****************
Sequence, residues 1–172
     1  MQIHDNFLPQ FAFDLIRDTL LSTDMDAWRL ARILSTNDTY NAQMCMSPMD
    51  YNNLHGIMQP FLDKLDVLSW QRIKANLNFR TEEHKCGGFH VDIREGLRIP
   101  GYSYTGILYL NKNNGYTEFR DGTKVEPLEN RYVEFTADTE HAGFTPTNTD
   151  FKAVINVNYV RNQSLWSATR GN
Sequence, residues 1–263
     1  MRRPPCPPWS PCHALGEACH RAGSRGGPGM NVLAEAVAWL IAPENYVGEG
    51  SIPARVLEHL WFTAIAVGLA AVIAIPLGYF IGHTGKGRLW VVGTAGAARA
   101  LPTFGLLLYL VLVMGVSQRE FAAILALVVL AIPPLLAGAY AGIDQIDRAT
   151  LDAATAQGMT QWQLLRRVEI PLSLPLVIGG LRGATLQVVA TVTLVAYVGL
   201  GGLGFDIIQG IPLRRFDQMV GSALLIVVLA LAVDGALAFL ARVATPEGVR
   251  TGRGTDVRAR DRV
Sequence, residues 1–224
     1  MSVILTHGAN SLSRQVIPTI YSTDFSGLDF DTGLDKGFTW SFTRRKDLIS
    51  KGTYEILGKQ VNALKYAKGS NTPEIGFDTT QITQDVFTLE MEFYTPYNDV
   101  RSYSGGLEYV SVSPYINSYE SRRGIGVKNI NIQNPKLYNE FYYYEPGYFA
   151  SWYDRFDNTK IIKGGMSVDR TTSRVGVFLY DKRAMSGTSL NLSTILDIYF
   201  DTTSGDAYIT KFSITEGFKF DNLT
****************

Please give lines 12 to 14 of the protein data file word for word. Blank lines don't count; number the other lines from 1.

   251  TGRGTDVRAR DRV
Sequence, residues 1–224
     1  MSVILTHGAN SLSRQVIPTI YSTDFSGLDF DTGLDKGFTW SFTRRKDLIS